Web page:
Given the ideal weather conditions I thought that it was about time I brushed the cobwebs off my rod and got out on the river. I fished the lower water in the morning and the upper water in the afternoon.
The river looked in great condition. I have never seen it so full in September. John Aplin has done a great job on the banks and it was a pleasure to stroll along the riverside paths. Despite what seemed like good conditions with a light easterly wind for easy casting, I did not find the fish to be in a very cooperative mood. During six hours on the river I only saw three fish rise and none were interested in my dry fly.
I did try fishing a goldhead pheasant tail nymph on the lower water hoping that I might interest the odd grayling as well as the trout but all to no avail. There have been no recent fishing reports from other members on the blog and I assume that not many have been out fishing or that they have had little success.
The Club is a private one, founded in 1877, of approximately sixty-four members and six Town Rod subscribers. The Club’s waters consist of about 12 miles of wild brown trout & grayling fishing in the main River Frome, River Cerne and River Piddle, together with attendant carriers and side streams. The waters extend both above and below the town of Dorchester and the Club employs a part-time keeper.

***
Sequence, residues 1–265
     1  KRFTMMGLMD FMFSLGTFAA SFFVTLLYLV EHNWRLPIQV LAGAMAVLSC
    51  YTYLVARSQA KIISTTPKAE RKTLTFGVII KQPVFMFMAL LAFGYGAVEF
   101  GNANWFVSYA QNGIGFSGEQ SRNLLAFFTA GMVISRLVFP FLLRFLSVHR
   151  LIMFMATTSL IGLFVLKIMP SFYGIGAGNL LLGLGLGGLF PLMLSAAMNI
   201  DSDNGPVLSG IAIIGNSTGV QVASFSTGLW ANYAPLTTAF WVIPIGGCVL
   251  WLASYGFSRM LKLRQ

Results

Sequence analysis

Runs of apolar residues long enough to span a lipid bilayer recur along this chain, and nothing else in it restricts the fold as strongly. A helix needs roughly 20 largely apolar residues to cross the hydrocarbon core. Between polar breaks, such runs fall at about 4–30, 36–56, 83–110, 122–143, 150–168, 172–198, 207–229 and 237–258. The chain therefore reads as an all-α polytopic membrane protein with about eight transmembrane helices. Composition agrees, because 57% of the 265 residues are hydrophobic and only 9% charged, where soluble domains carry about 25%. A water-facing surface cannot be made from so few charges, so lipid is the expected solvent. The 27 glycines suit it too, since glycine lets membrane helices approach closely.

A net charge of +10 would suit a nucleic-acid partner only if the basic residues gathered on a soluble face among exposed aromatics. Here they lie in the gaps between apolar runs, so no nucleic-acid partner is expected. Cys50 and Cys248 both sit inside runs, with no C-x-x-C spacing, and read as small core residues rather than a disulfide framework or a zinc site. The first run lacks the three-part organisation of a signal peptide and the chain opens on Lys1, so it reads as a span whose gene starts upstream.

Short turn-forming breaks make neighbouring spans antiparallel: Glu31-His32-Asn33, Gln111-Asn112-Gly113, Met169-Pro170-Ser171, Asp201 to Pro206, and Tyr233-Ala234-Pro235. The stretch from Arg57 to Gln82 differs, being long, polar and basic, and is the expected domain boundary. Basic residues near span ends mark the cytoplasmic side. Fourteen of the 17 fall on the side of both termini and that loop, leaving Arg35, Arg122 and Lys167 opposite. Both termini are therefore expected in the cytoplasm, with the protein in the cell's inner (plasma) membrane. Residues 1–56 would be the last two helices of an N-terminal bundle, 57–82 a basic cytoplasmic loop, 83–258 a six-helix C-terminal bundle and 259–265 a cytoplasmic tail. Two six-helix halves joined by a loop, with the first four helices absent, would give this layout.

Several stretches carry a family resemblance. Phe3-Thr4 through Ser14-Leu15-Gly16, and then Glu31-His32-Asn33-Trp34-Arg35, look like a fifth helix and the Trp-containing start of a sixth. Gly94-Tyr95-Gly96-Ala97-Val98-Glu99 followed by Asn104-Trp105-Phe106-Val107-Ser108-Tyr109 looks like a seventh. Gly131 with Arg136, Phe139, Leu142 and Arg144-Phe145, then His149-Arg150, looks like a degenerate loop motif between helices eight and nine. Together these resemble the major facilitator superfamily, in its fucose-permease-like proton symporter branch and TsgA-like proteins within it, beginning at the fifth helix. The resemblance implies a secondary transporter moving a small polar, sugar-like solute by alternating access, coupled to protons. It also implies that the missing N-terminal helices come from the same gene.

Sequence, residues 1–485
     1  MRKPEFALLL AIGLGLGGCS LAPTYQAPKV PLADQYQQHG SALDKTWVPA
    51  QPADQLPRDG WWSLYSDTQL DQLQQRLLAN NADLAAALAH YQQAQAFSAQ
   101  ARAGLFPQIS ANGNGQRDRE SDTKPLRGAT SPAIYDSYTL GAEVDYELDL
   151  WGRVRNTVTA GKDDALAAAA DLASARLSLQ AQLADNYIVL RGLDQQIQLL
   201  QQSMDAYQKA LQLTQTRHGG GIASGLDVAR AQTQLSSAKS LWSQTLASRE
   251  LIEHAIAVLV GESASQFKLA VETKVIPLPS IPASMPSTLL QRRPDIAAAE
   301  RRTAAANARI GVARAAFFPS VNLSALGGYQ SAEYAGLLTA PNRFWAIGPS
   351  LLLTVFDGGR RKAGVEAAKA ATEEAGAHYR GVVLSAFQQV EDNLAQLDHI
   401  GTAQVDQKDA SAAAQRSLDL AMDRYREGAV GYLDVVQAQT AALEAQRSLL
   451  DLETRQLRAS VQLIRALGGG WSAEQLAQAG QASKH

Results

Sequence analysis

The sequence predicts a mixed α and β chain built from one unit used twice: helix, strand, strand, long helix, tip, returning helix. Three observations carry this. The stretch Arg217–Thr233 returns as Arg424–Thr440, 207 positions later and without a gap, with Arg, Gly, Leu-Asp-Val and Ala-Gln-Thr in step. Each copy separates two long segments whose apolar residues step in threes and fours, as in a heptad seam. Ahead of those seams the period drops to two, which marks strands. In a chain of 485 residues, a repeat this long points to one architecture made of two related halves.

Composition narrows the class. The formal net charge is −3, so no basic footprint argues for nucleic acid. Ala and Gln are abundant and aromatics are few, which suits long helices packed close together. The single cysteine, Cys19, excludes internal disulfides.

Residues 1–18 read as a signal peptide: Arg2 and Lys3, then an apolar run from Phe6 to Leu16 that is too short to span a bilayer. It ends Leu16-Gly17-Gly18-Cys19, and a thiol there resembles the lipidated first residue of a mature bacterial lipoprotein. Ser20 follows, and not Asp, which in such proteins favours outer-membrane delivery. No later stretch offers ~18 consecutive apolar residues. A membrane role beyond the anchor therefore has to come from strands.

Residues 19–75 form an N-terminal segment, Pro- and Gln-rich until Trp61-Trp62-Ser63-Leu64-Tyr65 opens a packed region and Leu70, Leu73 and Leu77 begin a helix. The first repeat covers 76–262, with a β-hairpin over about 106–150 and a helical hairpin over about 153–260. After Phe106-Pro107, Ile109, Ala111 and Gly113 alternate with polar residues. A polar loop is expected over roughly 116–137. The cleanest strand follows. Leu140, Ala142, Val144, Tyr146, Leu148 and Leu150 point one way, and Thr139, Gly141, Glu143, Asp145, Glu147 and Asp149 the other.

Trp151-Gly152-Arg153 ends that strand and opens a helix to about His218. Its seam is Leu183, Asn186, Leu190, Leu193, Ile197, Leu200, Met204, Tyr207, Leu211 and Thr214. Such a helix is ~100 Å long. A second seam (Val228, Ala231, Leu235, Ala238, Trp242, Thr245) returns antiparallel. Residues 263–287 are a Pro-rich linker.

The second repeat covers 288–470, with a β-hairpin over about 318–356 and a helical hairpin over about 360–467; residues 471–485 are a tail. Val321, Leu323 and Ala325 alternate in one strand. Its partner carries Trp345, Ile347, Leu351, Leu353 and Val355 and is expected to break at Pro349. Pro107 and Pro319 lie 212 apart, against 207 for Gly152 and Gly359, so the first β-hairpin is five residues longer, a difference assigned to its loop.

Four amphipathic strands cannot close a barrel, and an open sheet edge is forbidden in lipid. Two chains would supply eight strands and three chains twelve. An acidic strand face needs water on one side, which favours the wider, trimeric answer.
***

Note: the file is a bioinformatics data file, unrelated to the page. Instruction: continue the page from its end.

If you see any fishing, netting or trapping you think is illegal, please don’t tackle it yourself.
Contact the Environment Agency on 0800 80 70 60
For more details
Angling’s representative body, the Angling Trust, has a web site for anglers to record sightings of cormorants, goosanders and mergansers throughout the UK: www.cormorantwatch.com The site is easy to use and will gather vital data to help persuade government of the need for action to protect fisheries.